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Title:Refresh reduction in dynamic memories
Author(s):Agrawal, Aditya
Director of Research:Torrellas, Josep
Doctoral Committee Chair(s):Torrellas, Josep
Doctoral Committee Member(s):Patel, Sanjay J.; Shanbhag, Naresh; Somasekhar, Dinesh
Department / Program:Electrical & Computer Eng
Discipline:Electrical & Computer Engr
Degree Granting Institution:University of Illinois at Urbana-Champaign
Subject(s):dynamic random-access memory (DRAM)
embedded dynamic random-access memory (eDRAM)
dynamic memory
three-dimensional (3D)
retention time
Through Silicon Vias (TSV)
Thermal Through Silicon Vias (TTSV)
Abstract:An effective approach to reduce the static energy consumption of large on-chip memories is to use a low-leakage technology such as embedded DRAM (eDRAM). Unfortunately, eDRAM, being a dynamic memory, requires periodic refresh, which ends up consuming substantial energy for large last-level caches. In upcoming architectures that stack a processor die and multiple DRAM dies, DRAM dies experience higher temperatures. Elevated temperatures increase the periodic refresh requirement of DRAM, also a dynamic memory, which increases its energy and hurts processor performance. In this thesis, we propose and evaluate techniques for refresh reduction in dynamic memories. We examine the opportunity of refreshing only the data that will be used in the near future and only if the data has not been recently accessed (and automatically refreshed). We present Refrint, a simple approach to perform fine-grained refresh of on-chip eDRAM multiprocessor cache hierarchies. We show that an eDRAM-based memory hierarchy with Refrint consumes only 30% of the energy of a conventional SRAM-based memory hierarchy, and induces a slowdown of only 6%. In contrast, an eDRAM-based memory hierarchy without Refrint consumes 56% of the energy of the conventional memory hierarchy, inducing a slowdown of 25%. While it is well known that different eDRAM cells exhibit very different charge-retention properties, current systems pessimistically assume worst-case retention times, and refresh all the cells at a conservatively-high rate. We use known facts about the factors that determine the retention properties of cells to build a new model of eDRAM retention times. The model is called Mosaic. We show that the retention times of cells in large eDRAM modules exhibit substantial spatial correlation. We propose a mechanism to exploit such correlation to save refresh energy. With simple techniques, we reduce the refresh energy of large eDRAM modules by 20x. The result is that refresh energy is all but eliminated. Finally, we focus on temperature and refresh reduction in 3D processor-memory stacks. We propose the Xylem Thermal Through Silicon Via (TTSV) placement schemes, to reduce the temperature of the DRAM dies and the processor die in the stack. The TTSV placement should respect the DRAM array structure and handle unknown multicore hotspots. The resulting temperature distribution still has a significant spatial variation. Therefore, we propose new DRAM refresh schemes that take advantage of this spatial variation in temperature. Our best Xylem TTSV placement scheme reduces the peak temperature of the DRAM stack by an average of 8.7 C. Combined with the best DRAM refresh scheme we reduce the number of refreshes by an average of 85%.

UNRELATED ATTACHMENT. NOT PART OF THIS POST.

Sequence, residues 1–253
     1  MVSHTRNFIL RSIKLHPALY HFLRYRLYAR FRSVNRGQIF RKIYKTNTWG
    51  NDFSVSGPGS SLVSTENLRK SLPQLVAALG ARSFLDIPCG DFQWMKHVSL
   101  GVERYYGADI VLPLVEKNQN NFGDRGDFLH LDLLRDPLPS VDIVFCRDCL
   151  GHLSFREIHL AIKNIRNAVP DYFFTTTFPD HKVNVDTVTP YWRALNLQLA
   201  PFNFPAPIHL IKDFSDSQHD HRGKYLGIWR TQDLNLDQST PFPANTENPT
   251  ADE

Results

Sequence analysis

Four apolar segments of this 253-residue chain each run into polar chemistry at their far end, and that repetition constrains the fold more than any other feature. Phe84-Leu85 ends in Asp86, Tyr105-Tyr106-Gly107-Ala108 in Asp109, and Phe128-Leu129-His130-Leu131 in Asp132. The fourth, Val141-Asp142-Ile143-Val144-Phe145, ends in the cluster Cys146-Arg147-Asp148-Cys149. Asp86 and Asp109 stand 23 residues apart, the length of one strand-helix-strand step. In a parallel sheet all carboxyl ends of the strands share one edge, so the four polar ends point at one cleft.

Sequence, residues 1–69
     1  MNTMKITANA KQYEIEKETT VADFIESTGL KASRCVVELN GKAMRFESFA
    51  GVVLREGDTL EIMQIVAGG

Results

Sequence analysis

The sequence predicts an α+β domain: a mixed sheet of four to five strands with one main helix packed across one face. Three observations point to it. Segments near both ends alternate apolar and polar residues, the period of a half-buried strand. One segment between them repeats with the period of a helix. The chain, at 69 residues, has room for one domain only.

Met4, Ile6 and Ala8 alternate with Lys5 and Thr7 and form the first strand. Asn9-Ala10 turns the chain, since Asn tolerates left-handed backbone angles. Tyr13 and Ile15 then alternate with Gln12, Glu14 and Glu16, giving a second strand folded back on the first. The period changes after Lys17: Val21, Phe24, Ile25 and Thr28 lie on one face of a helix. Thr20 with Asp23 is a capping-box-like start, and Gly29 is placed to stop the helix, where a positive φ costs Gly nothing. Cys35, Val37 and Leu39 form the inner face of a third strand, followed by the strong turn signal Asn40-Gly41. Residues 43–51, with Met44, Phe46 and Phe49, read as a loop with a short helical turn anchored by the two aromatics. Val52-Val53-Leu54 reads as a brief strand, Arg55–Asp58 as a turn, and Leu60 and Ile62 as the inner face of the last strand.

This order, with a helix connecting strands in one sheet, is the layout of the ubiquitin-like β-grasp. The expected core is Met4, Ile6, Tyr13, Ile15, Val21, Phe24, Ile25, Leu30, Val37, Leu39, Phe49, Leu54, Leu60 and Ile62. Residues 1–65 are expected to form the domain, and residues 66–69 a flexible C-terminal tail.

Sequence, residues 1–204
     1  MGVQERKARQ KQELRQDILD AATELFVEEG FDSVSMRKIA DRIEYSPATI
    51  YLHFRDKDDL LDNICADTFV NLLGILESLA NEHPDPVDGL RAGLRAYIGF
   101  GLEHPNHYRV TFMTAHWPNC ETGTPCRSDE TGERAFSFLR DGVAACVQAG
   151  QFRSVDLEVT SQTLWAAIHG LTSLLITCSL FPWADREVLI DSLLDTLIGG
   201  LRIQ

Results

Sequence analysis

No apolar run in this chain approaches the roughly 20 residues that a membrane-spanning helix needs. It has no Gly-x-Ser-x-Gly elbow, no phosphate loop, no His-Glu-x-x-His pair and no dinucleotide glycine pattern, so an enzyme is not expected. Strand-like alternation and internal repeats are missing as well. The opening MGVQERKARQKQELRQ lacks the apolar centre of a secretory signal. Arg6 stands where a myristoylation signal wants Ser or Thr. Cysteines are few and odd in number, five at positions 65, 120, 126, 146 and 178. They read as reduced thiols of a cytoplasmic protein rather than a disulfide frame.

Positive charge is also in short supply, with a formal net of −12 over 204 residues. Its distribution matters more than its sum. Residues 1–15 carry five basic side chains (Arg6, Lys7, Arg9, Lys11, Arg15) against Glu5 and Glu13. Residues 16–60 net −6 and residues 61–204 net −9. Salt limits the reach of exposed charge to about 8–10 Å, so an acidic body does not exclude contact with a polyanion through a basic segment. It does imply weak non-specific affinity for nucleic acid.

Issue Date:2015-01-21
Rights Information:Copyright 2014 Aditya Agrawal
Date Available in IDEALS:2015-01-21
Date Deposited:2014-12

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